Cloaks like this one are given and worn for special occasions in the Zomi culture. After death, the body is wrapped in such a cloak. (Courtesy Francis Kham)
Cloaks like this one are given and worn for special occasions in the Zomi culture. After death, the body is wrapped in such a cloak. (Courtesy Francis Kham)
In the old days, the sharp report of a gun alerted Zomi villagers in Myanmar (formerly Burma) that there had been a death. If the deceased had been a Christian, my ancestors would also have heard the church’s bells — either from the Catholic church or the Protestant. For animists, the gun blast would join the throb of big drums.

Zomi traditions have changed a bit in Oregon.

Gunfire doesn’t announce a death here, and people’s workloads and busy daily schedules mean they can’t spend days and even weeks mourning as a community as they did in Myanmar.

Even so, the Zomi people’s devotion to community isn’t just words. We look out for each other. When someone dies, it’s each person’s responsibility to support the sorrowing family. That’s true even when the deceased died in Burma. We gather and mourn together.

For instance, I was in Malaysia when my dad and mom died. The day they died, the Zomi community came to my house. There was a memorial service in the church. That made a big difference to me.

Even when we don’t know the person who died, we show up for someone during that hard time, because it makes a difference in releasing the pain and sadness.

In Myanmar the guns and bells traditionally begin four days of intense mourning, with the body at the family home for the first three of those days. On the first night, the community prays for the family and celebrates the life of the deceased. On the second day, the family gathers to make a funeral plan, dig the grave and make a casket. The body is clothed in the deceased’s best garments, then wrapped in a traditional men’s or women’s cloak. A rosary is placed in the hands of the dead person if he or she was Catholic.

Before Christianity came to Myanmar, the funeral, on the third day, was also at the family house. Now Christian Zomi funerals are at a church.

A century and more ago, a funeral might also involve displays of how many slaves or captured enemies a person owned, or the killing of a fierce animal — a tiger or an elephant — to demonstrate the power of the deceased.

When Christianity arrived, those traditions were put aside. That was a benefit to the people of Zogam, the traditional word for where the Zomi lived. Hatred between different clans had been part of the old ways, but Christianity replaced that tradition with forgiveness and love.

The French priests of the Société des Missions Étrangères de Paris were the first Catholic missionaries in Burma, arriving in some parts of the country by the early 1800s, in particular Zogam, the northern part of the Chin state.

In Oregon, when a member of the Zomi community dies, we gather at the family’s home just as we would have done in Myanmar. The difference is that the body is not present.

Here, as in Myanmar, after a person dies, people in the community practice “sih delhna,” bringing tea, sugar and condensed milk, symbols of the giver’s deep sympathy. In Myanmar, people also bring “zu,” a mildly alcoholic drink. Bringing a small cash gift or other donation is also customary.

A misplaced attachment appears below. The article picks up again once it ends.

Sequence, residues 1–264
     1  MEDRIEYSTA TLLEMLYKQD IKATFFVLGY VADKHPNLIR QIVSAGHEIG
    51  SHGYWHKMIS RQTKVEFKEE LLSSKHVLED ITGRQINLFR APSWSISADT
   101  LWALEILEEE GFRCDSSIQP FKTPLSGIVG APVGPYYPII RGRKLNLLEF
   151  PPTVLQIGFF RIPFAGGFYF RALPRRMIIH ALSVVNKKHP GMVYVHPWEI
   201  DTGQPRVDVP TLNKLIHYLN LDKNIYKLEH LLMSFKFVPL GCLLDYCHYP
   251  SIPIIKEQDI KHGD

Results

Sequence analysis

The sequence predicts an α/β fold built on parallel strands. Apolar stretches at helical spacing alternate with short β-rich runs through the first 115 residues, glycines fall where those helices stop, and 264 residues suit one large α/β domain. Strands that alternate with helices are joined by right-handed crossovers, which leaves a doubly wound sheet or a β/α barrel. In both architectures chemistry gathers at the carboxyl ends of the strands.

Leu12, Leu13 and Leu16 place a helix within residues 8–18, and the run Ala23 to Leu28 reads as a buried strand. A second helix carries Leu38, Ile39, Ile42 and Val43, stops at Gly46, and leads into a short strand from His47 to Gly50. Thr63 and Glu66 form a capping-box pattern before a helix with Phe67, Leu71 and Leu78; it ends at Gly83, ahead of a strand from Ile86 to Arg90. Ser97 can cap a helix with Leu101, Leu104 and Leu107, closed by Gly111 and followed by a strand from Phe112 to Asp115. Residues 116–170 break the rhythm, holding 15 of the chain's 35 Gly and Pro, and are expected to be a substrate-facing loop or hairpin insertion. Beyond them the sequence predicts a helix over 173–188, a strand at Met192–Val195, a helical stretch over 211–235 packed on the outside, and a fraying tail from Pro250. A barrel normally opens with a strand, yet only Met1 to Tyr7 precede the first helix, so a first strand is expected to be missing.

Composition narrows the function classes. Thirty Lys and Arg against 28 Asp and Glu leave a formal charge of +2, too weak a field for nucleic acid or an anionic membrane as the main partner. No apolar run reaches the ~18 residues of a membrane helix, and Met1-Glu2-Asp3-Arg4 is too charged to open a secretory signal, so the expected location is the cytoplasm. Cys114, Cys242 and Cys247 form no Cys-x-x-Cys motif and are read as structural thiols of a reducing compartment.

In Myanmar, on the second day, the family often slaughters a cow or pig to feed the community, who continue to mourn with the family, and on the third day, the day of the funeral, another animal is slaughtered, for the continuing gathering of the community. People continue to bring tea, sugar and milk.

The day after the funeral is called “han dalni.” Again, relatives and the community gather, and again, the family offers them food to show appreciation for their support.

The family also takes a plate of the meal to leave at the grave.

Nearly all the Zomi prefer burial to cremation.

In the United States most funerals take place on a Saturday. Different groups (women, men, youths) take responsibility for leading prayer and bringing the tea, sugar, and milk and other donations to the mourning family’s home on the days before the funeral. The family also pray at the funeral home, when that is allowed.

On the day of the funeral, people dress either in black or in their traditional colors: red, green or blue on a field of white or black.

After the funeral Mass, a family member or someone assigned to the task describes the deceased, including his or her genealogical relationships in the community. People contribute stories and songs.

At the graveyard, the priest and people follow the universal traditions of the church, singing the litany and saying the prayers of the burial rite. Once it’s lowered into the grave, the casket disappears beneath the earth and flowers thrown by mourners.

A reception follows. In Oregon, because people’s apartments are sometimes small, this may take place at the parish hall, although the home is preferred. People usually stay late into the night, singing and praying.

The han dalni brings another reception, with people often bringing envelopes with cash.

Community members might stop by over the course of a week or longer.

I would add that there is no restriction on who can participate at a mourner’s home. Some people might think, “This is their community and we will give them their privacy.”

But we don’t have that privacy. We feel the others at the parish are our extended faith family and they can show up on our doorstep.

It shows we are not alone.

Kristen Hannum contributed to this story.